The orthotics? I am going to be critical. They were hard, not cushiony. Her heel fat pads were very thin, and the entire underside of her heel bone was tender to light palpation. The arch portion of the orthotic was flat, came nowhere near her natural arch, and afforded her no support. She would have been much better off with $15 gel cushions instead of these $500 orthotics. And to ice the cake, there was a thicker heel lift glued to the left orthotic. I asked her how the doctor determined she should have the lift. She said he didn't measure her leg length. I did. As I've done routinely for nearly 30 years, I used nine different measurement techniques to be as sure of her leg length as I possibly could. The heel lift was under her longer leg! An inappropriate heel lift can cause an array of new symptoms. I advised her to discontinue the orthotics and gave her some gel pads.

Let me tell you a little story about heel spurs. Just because you have a heel spur, it doesn't mean you are condemned to heel pain for the rest of your life. In fact, just because the X-ray shows a spur, that does not definitively nail the diagnosis. I give a lecture about heel pain. I start the lecture with seven slides. Each slide is an X-ray of an individual's right and left heel. There is a heel spur on one foot only in each of the slides. The reason I start my lecture with these slides? Because in each patient, it was the heel without the spur which was causing the only symptoms. This means the doctor has to do a little more delving before setting you up for a standard treatment regime. You might, as in this patient's case, get worse.

But my greatest objection to the previous practitioner was his assertion that this woman's pain was going to last her whole life, and was part of the thigh/leg issue. How did he know? He didn't know what the thigh/leg issue was. It left her in terrible distress. I suggested she visit a pain management doctor to see if her problem was a mild variation of reflex sympathetic dystrophy, a disorder which turns normal sensory nerves like those which conduct temperature and pressure sensation, into pain conductors. I also suggested she talk to her internist about am MRI of her spinal cord and possibly head/neck, in case there is a lesion causing the problem from above. She'd only had MRI of her thighs.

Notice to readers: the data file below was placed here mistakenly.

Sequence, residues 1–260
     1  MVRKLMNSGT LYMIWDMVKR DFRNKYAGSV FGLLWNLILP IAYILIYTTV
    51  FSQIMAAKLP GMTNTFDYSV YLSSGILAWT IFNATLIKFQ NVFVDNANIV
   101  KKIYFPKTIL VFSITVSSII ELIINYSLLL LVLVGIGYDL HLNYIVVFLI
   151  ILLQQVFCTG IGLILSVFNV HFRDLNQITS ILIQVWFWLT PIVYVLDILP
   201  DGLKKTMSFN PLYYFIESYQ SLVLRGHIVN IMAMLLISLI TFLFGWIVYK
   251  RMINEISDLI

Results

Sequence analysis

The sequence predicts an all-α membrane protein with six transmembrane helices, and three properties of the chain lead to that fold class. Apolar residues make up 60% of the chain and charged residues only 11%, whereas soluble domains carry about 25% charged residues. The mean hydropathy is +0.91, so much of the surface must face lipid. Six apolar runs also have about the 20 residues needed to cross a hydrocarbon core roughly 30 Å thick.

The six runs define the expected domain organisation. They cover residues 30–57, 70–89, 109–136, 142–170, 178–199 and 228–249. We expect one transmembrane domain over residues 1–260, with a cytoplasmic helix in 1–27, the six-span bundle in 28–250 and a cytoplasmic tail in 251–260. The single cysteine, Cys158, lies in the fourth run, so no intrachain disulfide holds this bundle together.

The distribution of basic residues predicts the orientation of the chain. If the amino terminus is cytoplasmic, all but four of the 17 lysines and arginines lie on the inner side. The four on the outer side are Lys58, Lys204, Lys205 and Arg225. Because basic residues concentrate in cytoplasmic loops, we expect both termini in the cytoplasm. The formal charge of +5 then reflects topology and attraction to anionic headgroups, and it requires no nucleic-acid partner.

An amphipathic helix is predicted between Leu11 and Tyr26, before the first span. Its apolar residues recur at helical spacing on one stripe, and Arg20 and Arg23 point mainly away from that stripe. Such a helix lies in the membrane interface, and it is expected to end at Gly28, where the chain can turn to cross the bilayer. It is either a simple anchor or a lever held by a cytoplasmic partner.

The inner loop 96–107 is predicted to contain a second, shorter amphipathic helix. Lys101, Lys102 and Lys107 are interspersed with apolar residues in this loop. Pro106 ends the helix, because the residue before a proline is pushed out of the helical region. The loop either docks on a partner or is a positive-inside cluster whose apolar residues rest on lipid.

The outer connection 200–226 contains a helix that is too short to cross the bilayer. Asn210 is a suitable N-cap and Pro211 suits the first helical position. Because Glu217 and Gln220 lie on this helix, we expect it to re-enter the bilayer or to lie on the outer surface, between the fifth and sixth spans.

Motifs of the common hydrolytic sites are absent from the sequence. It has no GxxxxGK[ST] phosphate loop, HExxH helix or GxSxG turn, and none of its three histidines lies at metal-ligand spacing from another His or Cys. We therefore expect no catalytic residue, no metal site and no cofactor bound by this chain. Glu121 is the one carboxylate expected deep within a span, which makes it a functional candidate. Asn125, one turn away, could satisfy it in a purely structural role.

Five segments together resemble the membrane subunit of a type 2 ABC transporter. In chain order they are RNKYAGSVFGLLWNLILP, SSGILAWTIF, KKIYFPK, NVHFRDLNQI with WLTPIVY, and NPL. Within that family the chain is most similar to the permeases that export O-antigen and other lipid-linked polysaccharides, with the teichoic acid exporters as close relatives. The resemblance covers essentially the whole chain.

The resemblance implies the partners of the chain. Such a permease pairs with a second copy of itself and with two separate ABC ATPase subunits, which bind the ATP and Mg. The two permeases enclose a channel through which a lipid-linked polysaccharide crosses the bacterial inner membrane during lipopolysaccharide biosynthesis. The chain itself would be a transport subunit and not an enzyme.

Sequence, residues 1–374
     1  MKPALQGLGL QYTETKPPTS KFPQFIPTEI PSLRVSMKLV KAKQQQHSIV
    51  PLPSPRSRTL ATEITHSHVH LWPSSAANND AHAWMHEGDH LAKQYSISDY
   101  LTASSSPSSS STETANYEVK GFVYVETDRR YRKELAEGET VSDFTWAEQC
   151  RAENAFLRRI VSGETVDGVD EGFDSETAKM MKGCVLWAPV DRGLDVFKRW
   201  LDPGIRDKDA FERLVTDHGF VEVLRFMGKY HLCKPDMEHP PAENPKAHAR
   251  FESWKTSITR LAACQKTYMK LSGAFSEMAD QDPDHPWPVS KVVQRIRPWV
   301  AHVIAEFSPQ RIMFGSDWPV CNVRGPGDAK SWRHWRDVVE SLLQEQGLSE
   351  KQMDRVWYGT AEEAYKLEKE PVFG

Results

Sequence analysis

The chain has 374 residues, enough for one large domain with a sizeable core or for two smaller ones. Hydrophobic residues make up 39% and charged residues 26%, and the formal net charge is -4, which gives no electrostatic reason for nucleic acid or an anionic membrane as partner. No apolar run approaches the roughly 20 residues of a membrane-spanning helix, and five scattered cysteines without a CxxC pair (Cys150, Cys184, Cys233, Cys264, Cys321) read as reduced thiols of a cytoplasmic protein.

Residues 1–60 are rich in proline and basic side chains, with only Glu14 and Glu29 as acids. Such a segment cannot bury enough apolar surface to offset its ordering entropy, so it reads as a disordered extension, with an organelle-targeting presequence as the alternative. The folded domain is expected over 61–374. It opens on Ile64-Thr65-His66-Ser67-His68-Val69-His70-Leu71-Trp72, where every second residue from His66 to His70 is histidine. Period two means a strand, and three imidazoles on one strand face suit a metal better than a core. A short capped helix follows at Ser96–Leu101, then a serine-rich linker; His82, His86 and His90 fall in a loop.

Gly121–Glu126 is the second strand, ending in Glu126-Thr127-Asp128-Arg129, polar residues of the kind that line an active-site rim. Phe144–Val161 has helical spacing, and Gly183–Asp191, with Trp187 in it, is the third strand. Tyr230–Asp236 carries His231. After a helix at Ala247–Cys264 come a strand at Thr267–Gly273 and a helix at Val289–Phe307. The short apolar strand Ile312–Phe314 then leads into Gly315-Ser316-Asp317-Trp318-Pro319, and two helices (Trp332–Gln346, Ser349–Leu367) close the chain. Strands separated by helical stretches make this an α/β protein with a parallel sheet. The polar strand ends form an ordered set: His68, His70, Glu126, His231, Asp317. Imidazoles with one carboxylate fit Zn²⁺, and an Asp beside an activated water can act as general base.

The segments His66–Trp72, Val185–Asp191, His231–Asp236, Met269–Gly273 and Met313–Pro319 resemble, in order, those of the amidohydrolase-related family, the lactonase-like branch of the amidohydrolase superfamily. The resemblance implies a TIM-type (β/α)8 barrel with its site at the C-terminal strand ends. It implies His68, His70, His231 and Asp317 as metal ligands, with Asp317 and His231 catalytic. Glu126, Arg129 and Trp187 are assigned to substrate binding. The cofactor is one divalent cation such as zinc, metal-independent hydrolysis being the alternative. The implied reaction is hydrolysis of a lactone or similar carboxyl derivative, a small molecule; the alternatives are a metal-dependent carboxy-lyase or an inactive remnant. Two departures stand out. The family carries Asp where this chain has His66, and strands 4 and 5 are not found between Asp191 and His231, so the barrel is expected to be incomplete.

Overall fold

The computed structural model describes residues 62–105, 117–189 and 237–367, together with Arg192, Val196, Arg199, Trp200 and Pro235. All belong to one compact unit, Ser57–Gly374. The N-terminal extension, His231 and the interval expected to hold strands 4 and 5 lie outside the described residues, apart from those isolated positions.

There are lots of websites out there which will teach you about standard foot problems. Feel free to read them. But unless your doctor approaches you as an individual, and makes an evidence-based conclusion, you may do just as well by treating yourself based on what you read in these links. I hate to harangue, but this website is up to teach you to think outside the box, including piping up and asking the doctor for a reason for everything he and his charges do. Ask why a problem, which is being treated three times a week, should be getting rapidly worse. The doctor's first response should be, "Maybe what I'm doing is hurting you." This is honesty, we are all human, and if we are not afraid to look at our work critically, we can modify a treatment plan and learn from our mistakes to the ultimate benefit of our patients. If the doctor responds, "I don't know," during an active course of his treatment, without even offering you a colleague for a second opinion, I recommend you cease your relationship with this doctor.

I will let you know how she's doing. She's following up in a month.